And you mentioned that there was this suspicion of the media. Among those that you spoke to. Can you tell me a bit more about the kinds of things that they said? What are their frustrations with the reporting of the voice to parliament referendum?


Well, there's several Ruby.

A recurring complaint and frustration amongst those in the Yes campaign is misinformation and disinformation. It's very difficult, as we all know now, and there are plenty of international examples. It's very, very difficult to regulate misinformation and disinformation, to run a campaign of confusion and exhaustion, to sow confusion and exhaustion in the public. It's very easy to do. It's kind of low cost and low effort. This was a recurring frustration, particularly on social media.

Archival tape – Speaker 1:

“G’day, folks. I don't know about you all, but I'm getting sick and tired of hearing about the Voice or having to sit through Welcome to Country ceremonies…”

Archival tape – Speaker 2:

“This was the only piece of information that I could find that apparently deep dives into the voice that literally profiting off the Voice.”

Archival tape – Speaker 3:

“We talk about this indigenous voice to Parliament as though Indigenous Australians don't already have a voice to Parliament. That is absolutely untrue.”


Social media was awash in misinformation and disinformation. Marcia Langton, for instance, called for much more fact checking to occur. Another frustration in the media was what was kind of thought a disproportionate attention given to Lidia Thorpe and Jacinta Price, two Indigenous parliamentarians who opposed the voice for very, very different reasons. The frustration was that there was this disproportionate attention and it seemed to stand in as a de facto representation of Indigenous and Torres Strait Islander people's views. Many campaigners kept saying over and over that polling suggests at least 80% support amongst Indigenous and Torres Strait Islander peoples. But the media has this kind of undue or distorting emphasis upon Jacinta Price and Lidia Thorpe. Another frustration was that they invoked this very old idea or cliché about the media, which is that bad news sells, which is true. And so this has a distorting effect. While the Yes campaign have for some time now been running local campaigns, town hall meetings, explanation groups, they've been doing a lot of work and a lot of positive work. And they say it's working and people are very responsive and receptive to their arguments and ideas. We don't see stories about that. Instead, we see stories about rancour and dispute and political jousting. So they felt that the idea that bad news sells put them at a disadvantage because they insisted that they have a very positive and constructive message. But the media's interest or inclination or attraction to bad news kind of played against that.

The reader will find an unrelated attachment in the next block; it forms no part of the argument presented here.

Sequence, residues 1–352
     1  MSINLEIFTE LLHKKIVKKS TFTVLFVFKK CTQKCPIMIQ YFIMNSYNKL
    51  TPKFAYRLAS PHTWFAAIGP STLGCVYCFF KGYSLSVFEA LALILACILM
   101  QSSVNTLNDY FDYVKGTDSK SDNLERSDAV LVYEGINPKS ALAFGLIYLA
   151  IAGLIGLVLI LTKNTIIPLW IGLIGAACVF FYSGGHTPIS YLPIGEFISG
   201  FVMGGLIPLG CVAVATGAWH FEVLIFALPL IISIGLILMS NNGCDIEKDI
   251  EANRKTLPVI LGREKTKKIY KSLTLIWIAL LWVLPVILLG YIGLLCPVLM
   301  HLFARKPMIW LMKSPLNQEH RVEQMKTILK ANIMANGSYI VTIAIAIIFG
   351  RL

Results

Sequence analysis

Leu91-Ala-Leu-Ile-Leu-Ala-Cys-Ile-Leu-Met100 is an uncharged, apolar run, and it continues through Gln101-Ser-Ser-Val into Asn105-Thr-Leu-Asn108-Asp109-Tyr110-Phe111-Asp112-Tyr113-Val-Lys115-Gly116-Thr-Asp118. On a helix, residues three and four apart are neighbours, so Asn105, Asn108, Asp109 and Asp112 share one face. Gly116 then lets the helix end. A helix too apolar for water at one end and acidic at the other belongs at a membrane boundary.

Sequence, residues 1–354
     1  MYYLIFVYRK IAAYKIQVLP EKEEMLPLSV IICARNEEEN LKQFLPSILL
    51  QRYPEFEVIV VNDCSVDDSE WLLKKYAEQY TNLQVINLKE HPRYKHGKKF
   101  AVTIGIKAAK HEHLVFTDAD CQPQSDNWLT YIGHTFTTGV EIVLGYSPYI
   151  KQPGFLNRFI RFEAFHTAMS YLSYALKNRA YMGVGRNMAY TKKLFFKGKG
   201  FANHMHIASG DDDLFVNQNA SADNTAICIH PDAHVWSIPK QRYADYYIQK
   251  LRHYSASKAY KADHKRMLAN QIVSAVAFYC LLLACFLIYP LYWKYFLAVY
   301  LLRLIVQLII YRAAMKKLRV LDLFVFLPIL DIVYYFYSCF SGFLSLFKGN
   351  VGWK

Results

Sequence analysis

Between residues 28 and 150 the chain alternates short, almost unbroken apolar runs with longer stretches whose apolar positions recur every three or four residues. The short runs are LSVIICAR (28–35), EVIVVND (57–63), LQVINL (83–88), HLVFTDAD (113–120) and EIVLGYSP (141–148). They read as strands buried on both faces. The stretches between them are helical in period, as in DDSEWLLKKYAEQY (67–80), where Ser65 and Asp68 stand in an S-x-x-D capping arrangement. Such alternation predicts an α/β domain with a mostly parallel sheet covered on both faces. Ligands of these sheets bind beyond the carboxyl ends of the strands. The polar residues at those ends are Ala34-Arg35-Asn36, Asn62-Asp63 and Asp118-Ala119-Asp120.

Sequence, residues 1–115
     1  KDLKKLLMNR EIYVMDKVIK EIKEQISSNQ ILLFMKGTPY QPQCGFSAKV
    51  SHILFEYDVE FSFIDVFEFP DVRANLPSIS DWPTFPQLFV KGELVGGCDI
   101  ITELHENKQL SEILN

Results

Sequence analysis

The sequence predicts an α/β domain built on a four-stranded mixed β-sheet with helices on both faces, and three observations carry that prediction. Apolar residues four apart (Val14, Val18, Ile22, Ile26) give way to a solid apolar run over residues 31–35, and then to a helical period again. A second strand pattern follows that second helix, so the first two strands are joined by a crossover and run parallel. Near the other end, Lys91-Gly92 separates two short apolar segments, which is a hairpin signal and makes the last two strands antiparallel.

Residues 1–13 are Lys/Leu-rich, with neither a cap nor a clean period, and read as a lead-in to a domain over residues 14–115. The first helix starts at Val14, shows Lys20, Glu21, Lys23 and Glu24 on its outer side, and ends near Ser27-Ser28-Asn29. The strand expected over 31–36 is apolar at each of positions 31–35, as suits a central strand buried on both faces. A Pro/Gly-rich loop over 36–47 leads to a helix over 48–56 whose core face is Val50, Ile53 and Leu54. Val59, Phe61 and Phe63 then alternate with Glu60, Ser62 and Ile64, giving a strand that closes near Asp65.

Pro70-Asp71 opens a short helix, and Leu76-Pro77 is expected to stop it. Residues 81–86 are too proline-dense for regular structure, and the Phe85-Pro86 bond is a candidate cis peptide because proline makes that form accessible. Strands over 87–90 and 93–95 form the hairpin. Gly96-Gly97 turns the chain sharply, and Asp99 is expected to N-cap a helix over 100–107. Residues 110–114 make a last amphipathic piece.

And just on this idea of the politicisation of the debate, I mean, it sounds like you're saying there is frustration at the attention given to people like Lidia Thorpe and Jacinta Price. But now that some like Lidia have adopted, no is their position and will campaign for a No vote. It is a bit hard to make the case that this referendum should be above or can be above politics anymore, isn't it?


Yeah, I agree. I mean, I'm relaying to you the conversations I've had, but to sort of editorialise briefly, I think it's a little wishful to want the debate over the voice to be entirely above or beyond Canberra and politics. It's an impossibility.

But I can sympathise with the frustration. And the frustration is this that and this was mentioned to me a couple of months ago in other conversations with with the campaign is is their insistence upon what is a self-evident truth that the referendum is for all of us and it will fail or succeed or it will pass or not according to us, that this is a matter for all voters. That's self-evidently true, but it needed to be legislatively conceived. The wording of the proposed alteration to the Constitution had to pass Parliament. Inescapably, it was subject to politics, inescapably subject to parliamentary process and debate. I think the frustration is that this insistence upon it being important for all of us that history will be made or it won't be according to us, is sort of battling the gravity of Canberra. And I think there was a sort of a strategic point to it as well, which was to try to diminish Peter Dutton's insistent framing of the voice, as he always refers to it as the Canberra voice. And the implication there is that the notion of the Voice is kind of insular product of Canberra elitism, and he's staked a lot of political capital into this and it's become in a way, a lot of media framing inescapably has bowled it down to this hyper partisan affair that it's Dutton versus Albanese. And I think the gravity of that can be frustrating to a few campaigners.